In respects to charging stations, If they don't already, I think Tesla should go the way of gas stations and offer franchises for charging stations. Imagine how much additional revenue a station owner could make when you have people captive for 20-30 min. Restaurants and convenient stores would do very well. If I owned one, I'd offer free suites overlooking the charging station for people to keep an eye on their vehicle, to relax, connect to free WIFI or watch TV while sitting in a cozy little room with heat/AC. I'd make money off the "mini bar" vending machines. It would only require one employee to be on the clock.

    In all reality though, we need charging stations that offer gasoline, electricity and natural gas all under one roof.

    Make it happen Tesla!

  • Report this Comment On January 24, 2014, at 2:31 PM, jeffhre wrote:

    ". But whether those trends track out to even the numbers that have embraced hybrid vehicles is very much in question"

    Update - EV's are tracking much higher for the same period after initial introduction as non-plug-in-hybrids, no that full year 2013 numbers have been tallied.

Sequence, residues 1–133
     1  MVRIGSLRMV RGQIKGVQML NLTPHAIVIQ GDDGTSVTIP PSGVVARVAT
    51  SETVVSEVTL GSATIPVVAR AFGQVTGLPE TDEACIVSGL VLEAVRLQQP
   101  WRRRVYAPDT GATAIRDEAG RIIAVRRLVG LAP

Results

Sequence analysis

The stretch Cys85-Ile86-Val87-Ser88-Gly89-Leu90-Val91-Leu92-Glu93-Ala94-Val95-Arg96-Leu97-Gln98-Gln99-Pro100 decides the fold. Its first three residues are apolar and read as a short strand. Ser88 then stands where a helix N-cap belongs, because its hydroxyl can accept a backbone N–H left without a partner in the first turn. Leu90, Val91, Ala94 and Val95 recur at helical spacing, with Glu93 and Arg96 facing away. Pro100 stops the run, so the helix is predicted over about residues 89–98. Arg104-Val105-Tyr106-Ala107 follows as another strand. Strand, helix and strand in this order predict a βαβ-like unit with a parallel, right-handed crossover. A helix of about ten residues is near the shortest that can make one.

• Report this Comment On January 24, 2014, at 2:32 PM, TXObjectivist75 wrote:

    The physics of an electric car will never change, and never be better than an ICE, hybrid, or fuel cell. 1,000 lb battery vs ~200lb max for a full tank of gas. 800lb less mass to carry around (and a gas tank gets lighter as the fuel is burned). I can fill up a tank of gas in less than 5 min and get twice or more the range. My steel gas tank will last decades longer than a battery pack and still be functional. The physics didn't work 120 years ago in the dawn of the motor vehicle era, and won't 100 years from now.

  • Report this Comment On January 24, 2014, at 2:42 PM, jeffhre wrote: